It finally dawned on me. Jazz, even modern jazz, is not some arcane art form, reserved only for the cognoscenti. It can be accessible, even in its most abstract forms, and can speak instantly to and move listeners with the same force as any concerto or rock song. What jazz lacks is not inherent appeal but familiarity itself. People just have not heard as much jazz as they have Mozart or the Who. For whatever historical and perhaps racial reasons, jazz has never had the economic clout or mainstream support to become as ubiquitous as other music. While much of the typical music-loving public shies away from jazz because they think they don’t “understand” it–a refrain I hear often–classical or “legit” musicians sometimes dismiss jazz as a “popular” music unworthy of serious study. Neither impression is justified. Jazz is great music, plain and simple. When it becomes even slightly familiar to people, it invariably wins them over.
Jazz can be immensely complicated and brooding. As often as it can sound happy or sweet or shy, it also can be abstract, remote, churning, even upsetting. Much of my favorite jazz is anything but pretty, in the standard sense. But that breadth of emotional expressiveness is part of why jazz is such great music. With a little preliminary interest and willingness to listen, anyone can understand and respond to jazz. It involves different sounds and instruments, and is based on a principle of improvisation that makes it less predictable and accessible to some neophytes. And as is the case with twentieth-century painting, for instance, a little knowledge and understanding of how jazz works will greatly enhance your appreciation of the art form and make you want to hear more.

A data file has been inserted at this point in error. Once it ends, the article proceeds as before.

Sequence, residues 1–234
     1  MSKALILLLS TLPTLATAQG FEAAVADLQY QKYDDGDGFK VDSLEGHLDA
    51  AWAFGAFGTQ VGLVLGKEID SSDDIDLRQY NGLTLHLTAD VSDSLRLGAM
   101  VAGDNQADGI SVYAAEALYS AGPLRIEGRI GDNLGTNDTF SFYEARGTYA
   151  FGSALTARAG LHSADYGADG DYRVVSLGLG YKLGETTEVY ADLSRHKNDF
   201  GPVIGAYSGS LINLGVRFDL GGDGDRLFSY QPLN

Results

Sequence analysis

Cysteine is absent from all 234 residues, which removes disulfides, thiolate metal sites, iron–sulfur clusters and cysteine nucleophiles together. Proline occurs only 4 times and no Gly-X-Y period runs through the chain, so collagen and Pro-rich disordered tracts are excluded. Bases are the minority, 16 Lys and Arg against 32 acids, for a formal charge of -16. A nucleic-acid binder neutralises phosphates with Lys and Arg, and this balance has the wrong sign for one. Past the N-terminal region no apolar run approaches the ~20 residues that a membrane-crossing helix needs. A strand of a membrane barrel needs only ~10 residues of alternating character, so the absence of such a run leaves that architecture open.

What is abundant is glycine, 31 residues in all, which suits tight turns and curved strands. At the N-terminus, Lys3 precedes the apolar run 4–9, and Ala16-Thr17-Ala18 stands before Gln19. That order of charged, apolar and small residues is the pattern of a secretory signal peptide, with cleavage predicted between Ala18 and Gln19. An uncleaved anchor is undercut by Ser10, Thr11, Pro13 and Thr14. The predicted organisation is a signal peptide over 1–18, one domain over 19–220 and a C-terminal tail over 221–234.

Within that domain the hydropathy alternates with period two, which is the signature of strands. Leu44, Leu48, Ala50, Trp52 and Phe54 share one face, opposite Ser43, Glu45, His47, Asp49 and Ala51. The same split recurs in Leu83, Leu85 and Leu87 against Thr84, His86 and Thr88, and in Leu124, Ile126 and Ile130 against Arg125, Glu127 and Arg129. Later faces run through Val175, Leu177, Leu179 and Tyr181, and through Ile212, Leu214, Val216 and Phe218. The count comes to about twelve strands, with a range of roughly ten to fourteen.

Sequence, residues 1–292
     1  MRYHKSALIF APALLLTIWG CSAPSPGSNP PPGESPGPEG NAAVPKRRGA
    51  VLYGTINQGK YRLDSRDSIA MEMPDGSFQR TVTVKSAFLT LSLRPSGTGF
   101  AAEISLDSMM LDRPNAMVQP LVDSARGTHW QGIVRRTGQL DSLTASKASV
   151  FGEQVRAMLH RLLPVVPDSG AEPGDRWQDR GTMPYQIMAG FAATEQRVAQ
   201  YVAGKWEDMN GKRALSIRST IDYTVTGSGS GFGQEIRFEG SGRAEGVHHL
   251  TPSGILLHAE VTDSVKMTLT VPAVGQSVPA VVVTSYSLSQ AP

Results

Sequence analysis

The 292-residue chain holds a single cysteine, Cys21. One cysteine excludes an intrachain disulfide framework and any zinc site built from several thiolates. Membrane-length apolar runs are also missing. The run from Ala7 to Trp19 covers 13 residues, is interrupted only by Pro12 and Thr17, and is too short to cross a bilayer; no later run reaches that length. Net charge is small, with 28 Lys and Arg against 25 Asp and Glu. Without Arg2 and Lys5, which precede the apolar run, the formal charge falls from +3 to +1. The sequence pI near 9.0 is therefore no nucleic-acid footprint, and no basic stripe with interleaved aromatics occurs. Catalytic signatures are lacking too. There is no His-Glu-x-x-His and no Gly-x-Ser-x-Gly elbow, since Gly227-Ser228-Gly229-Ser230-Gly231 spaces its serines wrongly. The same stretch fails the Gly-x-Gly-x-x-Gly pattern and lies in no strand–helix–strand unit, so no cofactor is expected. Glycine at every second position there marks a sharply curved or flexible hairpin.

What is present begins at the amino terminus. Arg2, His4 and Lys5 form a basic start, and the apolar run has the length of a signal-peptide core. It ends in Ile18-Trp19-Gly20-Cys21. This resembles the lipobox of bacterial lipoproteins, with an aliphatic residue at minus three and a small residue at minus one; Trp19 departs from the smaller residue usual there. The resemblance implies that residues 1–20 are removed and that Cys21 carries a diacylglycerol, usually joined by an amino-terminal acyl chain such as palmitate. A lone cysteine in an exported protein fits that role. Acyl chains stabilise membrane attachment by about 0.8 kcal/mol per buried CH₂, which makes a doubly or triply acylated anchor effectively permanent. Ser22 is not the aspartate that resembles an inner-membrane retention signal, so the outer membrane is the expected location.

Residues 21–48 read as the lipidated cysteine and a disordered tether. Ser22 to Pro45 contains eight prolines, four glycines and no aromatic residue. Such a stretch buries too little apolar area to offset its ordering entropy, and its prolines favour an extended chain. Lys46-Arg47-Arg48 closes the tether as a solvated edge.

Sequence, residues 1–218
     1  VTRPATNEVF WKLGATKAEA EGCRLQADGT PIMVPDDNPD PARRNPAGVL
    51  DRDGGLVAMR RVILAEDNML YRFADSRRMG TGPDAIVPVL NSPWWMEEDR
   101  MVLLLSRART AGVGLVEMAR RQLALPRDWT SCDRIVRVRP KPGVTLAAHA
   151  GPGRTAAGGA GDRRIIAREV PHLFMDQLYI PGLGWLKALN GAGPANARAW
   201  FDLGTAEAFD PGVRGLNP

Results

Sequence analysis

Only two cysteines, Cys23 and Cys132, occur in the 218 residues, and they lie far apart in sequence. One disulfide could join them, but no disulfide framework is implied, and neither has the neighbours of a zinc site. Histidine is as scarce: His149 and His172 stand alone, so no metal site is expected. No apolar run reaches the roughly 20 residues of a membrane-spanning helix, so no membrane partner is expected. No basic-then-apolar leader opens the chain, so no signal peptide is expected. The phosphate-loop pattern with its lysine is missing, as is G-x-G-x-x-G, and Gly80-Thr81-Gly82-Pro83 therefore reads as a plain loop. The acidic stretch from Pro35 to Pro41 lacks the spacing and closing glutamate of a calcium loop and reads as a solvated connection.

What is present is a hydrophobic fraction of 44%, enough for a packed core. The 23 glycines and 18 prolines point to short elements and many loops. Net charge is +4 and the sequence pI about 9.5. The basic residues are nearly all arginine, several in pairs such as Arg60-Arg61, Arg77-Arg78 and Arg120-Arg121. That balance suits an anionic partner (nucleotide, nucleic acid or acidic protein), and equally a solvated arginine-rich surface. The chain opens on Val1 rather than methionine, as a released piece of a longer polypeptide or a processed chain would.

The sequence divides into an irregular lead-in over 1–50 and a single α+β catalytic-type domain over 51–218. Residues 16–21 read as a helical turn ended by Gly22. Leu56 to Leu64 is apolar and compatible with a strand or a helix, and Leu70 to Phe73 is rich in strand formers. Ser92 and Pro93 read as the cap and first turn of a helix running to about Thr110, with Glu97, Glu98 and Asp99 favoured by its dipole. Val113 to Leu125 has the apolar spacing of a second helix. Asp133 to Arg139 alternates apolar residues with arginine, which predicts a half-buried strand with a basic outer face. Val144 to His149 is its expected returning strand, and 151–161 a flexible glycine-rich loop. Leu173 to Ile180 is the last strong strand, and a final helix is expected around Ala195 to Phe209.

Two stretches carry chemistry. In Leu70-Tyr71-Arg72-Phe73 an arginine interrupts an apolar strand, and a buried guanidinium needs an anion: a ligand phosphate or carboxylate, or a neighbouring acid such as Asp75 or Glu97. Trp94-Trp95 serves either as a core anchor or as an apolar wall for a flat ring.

The purpose of this book is to familiarize you with some of the core ideas and elements of jazz, to help you become comfortable with the acoustic bass, lengthy tenor saxophone solos, and improvisations that can take you to a million unanticipated places. You will be introduced to some exemplary recordings that illustrate many of the elements of jazz as they have evolved historically. This book is not a primer on jazz history–of which there are many–although the historical development of jazz and improvisation is a necessary part of any discussion of how this music operates. Nor is this book the equivalent of a music appreciation class where you memorize what is recognizable in jazz’s twenty greatest hits.
What Jazz Is is an invitation to see how jazz works in simple terms and from the perspective of a working professional musician. You will get an insider’s look at how musicians choose their set list; the way musicians base their solos on song forms and interact with one another during improvisation; and the continuity that links Duke Ellington, Thelonious Monk, and Sonny Rollins to the current batch of young musicians.
Don’t get me wrong; jazz does not have to be an acquired taste. You can buy a jazz CD and become entranced right off the bat. I bought my first jazz record when I was nine years old, and I became a fan immediately. But if you take the time to learn the basics about jazz music and familiarize yourself with the players, you will enhance your listening experience immeasurably. Open your mind–and your ears–and begin the wonderful process of exploration.